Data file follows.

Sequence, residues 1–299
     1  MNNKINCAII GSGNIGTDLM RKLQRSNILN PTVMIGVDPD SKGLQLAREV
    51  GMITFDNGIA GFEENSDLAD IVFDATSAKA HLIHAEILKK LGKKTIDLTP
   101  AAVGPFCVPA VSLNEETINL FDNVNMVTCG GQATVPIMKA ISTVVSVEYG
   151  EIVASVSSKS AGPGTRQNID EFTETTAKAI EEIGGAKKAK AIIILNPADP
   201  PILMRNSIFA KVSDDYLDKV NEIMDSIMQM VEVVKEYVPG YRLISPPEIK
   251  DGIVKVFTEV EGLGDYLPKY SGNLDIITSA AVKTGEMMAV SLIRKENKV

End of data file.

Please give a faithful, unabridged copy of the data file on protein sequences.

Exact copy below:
Sequence, residues 1–299
     1  MNNKINCAII GSGNIGTDLM RKLQRSNILN PTVMIGVDPD SKGLQLAREV
    51  GMITFDNGIA GFEENSDLAD IVFDATSAKA HLIHAEILKK LGKKTIDLTP
   101  AAVGPFCVPA VSLNEETINL FDNVNMVTCG GQATVPIMKA ISTVVSVEYG
   151  EIVASVSSKS AGPGTRQNID EFTETTAKAI EEIGGAKKAK AIIILNPADP
   201  PILMRNSIFA KVSDDYLDKV NEIMDSIMQM VEVVKEYVPG YRLISPPEIK
   251  DGIVKVFTEV EGLGDYLPKY SGNLDIITSA AVKTGEMMAV SLIRKENKV